Child with monkeypox symptoms admitted to Andhra hospital, samples sent to NIV Pune: Report
India has reported four cases of monkeypox so far, of which three cases are from Kerala while one is from Delhi.
An 8-year-old boy in Guntur reported monkeypox symptoms, said officials on Saturday.
The boy was admitted at the Government General Hospital, Guntur.
District Medical and Health Officer, Guntur Dr Sumaiya Khan said, "It is a suspected case of monkeypox. For confirmation. We have taken samples which are being sent to the National Institute of Virology, Pune and Gandhi Hospital in Secunderabad for confirmation."
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GGH officials said that further action will be taken following the report.
Currently, the boy is isolated and being treated in a special ward.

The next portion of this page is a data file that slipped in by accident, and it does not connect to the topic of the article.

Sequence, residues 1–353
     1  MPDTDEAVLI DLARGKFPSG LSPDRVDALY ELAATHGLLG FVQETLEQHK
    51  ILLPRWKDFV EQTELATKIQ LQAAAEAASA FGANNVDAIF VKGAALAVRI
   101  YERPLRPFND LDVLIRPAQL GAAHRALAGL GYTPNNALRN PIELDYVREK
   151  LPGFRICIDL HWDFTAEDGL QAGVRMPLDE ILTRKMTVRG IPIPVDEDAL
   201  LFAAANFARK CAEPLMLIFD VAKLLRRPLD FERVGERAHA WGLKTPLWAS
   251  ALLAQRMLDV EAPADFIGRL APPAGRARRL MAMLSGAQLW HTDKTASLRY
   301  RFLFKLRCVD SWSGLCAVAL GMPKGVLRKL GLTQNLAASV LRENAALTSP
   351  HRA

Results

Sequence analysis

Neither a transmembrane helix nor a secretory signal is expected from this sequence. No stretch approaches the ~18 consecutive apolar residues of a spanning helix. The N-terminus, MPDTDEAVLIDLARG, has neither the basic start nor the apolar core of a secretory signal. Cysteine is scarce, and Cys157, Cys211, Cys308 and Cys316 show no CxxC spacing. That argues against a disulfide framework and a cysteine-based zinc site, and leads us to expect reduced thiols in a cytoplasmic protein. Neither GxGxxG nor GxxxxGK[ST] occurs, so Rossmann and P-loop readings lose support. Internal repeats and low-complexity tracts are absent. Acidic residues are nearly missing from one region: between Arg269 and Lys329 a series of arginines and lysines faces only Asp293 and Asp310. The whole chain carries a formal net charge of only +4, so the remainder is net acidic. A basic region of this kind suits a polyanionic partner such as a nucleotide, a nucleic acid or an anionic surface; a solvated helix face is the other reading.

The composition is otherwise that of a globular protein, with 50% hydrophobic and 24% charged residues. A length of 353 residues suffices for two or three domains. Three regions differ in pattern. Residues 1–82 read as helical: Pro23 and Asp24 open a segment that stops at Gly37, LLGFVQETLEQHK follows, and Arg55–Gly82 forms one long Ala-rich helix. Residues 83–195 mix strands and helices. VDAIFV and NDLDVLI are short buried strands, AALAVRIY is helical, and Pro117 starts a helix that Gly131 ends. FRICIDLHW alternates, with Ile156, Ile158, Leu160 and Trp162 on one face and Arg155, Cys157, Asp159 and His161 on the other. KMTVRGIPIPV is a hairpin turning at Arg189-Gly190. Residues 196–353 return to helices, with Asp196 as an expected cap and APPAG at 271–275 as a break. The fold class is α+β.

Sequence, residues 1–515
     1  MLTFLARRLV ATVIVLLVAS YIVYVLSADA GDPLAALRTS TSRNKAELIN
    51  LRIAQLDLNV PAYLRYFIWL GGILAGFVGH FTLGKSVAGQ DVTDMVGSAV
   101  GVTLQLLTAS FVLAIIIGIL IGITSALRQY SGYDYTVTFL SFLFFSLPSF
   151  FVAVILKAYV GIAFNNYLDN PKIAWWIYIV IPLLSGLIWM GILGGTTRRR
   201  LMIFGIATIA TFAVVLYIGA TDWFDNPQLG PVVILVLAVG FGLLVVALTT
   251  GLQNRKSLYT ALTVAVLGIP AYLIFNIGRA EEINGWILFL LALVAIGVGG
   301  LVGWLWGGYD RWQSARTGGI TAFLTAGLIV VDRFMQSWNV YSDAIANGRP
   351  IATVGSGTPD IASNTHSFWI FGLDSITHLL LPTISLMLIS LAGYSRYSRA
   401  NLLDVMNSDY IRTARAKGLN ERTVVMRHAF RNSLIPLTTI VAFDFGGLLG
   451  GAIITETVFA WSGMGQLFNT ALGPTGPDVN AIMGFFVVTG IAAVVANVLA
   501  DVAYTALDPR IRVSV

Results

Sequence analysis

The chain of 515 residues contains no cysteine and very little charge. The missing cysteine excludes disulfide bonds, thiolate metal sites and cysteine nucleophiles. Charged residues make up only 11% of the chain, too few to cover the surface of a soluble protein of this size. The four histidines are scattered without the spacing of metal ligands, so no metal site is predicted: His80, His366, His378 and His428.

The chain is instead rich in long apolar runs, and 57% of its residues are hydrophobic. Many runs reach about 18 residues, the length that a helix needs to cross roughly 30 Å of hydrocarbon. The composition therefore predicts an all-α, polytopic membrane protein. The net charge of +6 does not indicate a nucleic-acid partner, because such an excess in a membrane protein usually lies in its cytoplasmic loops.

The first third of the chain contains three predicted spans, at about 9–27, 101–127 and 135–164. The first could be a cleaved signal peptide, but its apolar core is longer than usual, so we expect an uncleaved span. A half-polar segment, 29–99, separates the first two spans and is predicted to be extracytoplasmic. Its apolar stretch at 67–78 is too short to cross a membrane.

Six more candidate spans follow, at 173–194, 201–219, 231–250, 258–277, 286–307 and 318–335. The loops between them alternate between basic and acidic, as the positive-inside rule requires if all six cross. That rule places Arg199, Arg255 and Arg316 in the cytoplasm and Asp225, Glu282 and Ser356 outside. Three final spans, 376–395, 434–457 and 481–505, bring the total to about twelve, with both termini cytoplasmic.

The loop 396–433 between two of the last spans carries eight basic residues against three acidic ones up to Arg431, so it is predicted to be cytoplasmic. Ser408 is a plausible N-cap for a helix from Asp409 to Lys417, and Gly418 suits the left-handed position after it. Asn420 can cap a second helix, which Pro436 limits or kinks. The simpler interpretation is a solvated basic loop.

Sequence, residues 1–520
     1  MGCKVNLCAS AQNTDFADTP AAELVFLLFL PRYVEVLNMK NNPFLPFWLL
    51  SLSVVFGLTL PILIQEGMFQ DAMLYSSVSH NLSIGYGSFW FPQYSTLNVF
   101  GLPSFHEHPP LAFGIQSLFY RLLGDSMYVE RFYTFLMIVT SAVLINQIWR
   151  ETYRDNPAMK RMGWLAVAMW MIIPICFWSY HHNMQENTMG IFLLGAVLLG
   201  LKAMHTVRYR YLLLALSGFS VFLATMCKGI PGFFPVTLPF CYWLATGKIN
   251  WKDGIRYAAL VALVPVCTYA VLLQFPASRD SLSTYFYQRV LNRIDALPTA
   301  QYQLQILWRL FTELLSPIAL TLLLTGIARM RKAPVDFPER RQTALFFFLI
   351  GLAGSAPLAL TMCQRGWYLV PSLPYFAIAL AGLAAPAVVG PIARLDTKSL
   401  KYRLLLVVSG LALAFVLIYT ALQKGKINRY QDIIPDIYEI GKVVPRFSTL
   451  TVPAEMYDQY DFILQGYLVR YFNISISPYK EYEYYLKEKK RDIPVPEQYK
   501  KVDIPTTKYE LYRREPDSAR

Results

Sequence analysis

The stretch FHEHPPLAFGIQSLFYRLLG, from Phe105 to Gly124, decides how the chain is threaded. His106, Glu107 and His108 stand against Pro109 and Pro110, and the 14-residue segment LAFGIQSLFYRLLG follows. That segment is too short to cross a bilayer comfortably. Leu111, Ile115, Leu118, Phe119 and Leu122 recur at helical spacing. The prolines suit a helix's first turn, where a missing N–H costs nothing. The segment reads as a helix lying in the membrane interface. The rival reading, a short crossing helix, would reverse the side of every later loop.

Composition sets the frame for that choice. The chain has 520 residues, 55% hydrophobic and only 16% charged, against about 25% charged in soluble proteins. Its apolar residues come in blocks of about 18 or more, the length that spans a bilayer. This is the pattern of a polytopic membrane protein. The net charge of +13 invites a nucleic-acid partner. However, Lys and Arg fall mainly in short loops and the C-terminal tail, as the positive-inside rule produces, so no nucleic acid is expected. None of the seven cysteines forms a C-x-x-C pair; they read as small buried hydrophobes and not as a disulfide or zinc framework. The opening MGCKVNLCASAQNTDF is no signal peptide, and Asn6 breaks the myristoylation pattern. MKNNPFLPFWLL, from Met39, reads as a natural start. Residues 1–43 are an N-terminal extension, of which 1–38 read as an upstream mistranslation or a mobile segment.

Notably, India has reported four cases of monkeypox so far, of which three cases are from Kerala while one is from Delhi. Following this, the central government is on an alert even as the count of infections in some other countries has risen.
NITI Aayog's member (Health) Dr V K Paul said that there is absolutely no need for any panic as the government has taken significant measures to keep the disease in check.
In an Interview with ANI, Dr Paul sought to assert that there was no need for any undue panic but added that it was still important that the country and the society stay vigilant.
"There is no need to panic, as of now, but one must report in time if they spot any symptoms, he said.
According to World Health Organization (WHO), more than 18,000 cases have been reported from 78 countries.
"The monkeypox outbreak can be stopped if countries, communities and individuals inform themselves, take the risks seriously, and take the steps needed to stop transmission and protect vulnerable groups," said Dr Tedros, Director General, WHO on Thursday.
Monkeypox is a zoonotic disease caused by the monkeypox virus, which belongs to the same family of viruses that causes smallpox. The disease is endemic in regions like West and Central Africa but lately, cases have been reported from non-endemic countries too, according to the WHO.